Aluminum Salts – You’ll find these in your deodorant, which may explain why they’ve been linked to breast cancer. Don’t believe the nonsense that natural deodorants don’t work. They do. The trial and error process might be a little uncomfortable, but it’s worth it.
Chemical Sunscreen – Common chemical sunscreens include avobenzone, oxybenzone, octisalate, homosalate, and octicrylene. Oxybenzone, in particular, has been linked to endocrine disruption, but I’m not a fan of any of them. Stick with non-nano zinc oxide and titanium dioxide.
Fragrance – Avoid fragrance in your products at all costs. A product’s fragrance is protected by trade secret and often hides phthalates, known hormone disruptors, and other irritants. Some natural beauty companies use the term “fragrance” or “parfum” in their ingredient list so just be sure that it’s entirely comprised of essential oils or the like.
Hydroquinine – This skin lightener has been linked to cancer and banned in numerous countries. If your dermatologist recommends a product containing hydroquinine, it might be time to find a new dermatologist. There are a number of lightening alternatives, including Vitamin C and helichrysum essential oil.
DEA, TEA, MEA, ETA – These harmless-seeming initialisms have been linked to cancer. Plus, they act as nothing more than emulsifiers and foaming agents.
Parabens – As mentioned above, parabens mimic estrogen AND disrupt your skin’s natural microbiome. That’s bad. Avoid them.
Sulfates – Sulfates are responsible for your shampoo’s rich and luxurious lather. Sadly, sulfates are irritants that can leave behind nasty rashes on your scalp.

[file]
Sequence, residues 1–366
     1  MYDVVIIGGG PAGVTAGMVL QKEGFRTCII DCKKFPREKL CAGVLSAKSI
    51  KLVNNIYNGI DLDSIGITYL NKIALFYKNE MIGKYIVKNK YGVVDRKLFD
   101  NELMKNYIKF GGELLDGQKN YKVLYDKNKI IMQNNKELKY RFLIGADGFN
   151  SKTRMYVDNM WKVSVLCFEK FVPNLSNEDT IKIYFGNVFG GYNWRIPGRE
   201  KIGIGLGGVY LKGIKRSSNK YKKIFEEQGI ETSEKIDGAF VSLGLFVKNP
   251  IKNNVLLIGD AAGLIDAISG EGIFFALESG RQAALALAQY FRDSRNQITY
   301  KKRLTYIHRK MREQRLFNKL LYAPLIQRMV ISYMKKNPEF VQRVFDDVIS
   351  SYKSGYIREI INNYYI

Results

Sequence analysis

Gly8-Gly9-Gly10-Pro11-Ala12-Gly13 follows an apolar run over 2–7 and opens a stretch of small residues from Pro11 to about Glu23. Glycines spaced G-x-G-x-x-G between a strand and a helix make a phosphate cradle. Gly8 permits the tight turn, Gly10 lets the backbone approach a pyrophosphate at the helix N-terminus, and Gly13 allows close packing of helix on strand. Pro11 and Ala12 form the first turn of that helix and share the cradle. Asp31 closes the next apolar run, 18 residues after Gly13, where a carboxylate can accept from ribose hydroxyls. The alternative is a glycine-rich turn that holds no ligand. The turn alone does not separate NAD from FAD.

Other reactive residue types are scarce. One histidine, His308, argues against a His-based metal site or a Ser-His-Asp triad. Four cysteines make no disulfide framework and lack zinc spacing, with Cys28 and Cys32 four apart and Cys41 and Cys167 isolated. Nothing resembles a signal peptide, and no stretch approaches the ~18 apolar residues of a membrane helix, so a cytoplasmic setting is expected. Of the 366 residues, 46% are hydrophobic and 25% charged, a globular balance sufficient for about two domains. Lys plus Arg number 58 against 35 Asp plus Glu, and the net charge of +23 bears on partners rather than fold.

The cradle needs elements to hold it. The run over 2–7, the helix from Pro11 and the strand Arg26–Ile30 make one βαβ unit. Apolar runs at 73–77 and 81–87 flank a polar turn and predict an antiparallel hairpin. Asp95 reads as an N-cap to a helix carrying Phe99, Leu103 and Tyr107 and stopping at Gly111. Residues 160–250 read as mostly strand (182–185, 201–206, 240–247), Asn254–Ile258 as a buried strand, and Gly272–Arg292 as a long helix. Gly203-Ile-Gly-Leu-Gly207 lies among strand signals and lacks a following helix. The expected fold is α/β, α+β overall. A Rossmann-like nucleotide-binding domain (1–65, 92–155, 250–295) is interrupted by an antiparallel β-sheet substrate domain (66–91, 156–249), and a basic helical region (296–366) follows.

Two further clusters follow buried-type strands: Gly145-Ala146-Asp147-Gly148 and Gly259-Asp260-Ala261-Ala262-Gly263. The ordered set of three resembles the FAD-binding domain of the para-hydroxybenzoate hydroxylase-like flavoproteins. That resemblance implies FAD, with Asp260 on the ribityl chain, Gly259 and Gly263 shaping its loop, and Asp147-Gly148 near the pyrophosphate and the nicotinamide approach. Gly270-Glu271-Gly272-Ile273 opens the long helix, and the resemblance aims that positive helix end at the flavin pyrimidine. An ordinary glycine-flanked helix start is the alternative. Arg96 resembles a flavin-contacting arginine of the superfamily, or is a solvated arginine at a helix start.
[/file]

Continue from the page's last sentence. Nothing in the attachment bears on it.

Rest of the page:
PEGs, Propylene Glycol – These penetration enhancers are not as risky as some other ingredients, but they are often contaminated with 1, 4-dioxane and heavy metals (both known carcinogens). Once again, they don’t provide any real benefit to my skin so I avoid them.
Phenoxyethanol – This is a common preservative used by some natural beauty companies. Studies have connected it with reproductive and developmental toxicity. And it’s not friendly to your skin’s microbiome. Proceed with caution.
Mineral Oil – This oil clogs pores. Leave it alone.
Silicone – Often referred to as “Saran Wrap for the skin,” silicone builds up on the skin over time leading to clogged pores. More importantly, silicone’s harmful effects on the environment outweigh its silky benefits. Broccoli seed oil is a great silicone dupe!
Triclosan – This antimicrobial agent is found in (surprise) antibacterial soap. The reasons I don’t like it are two-fold: 1) some exposure to germs is good, and 2) it’s no more effective than traditional soap and water.
Let the above list provide you with a starting place to evaluate the personal care products you are currently using. Remember that your skin absorbs 60% of what you put on it. It is vital that you arm yourself with information about cosmetic ingredients so that you can decide for yourself what goes into your body. And if you are scared to ditch your current products, know that there are amazing artisanal, small-batch lines making highly effective, environmentally conscious products that perform just as well, if not better, than their conventional counterparts.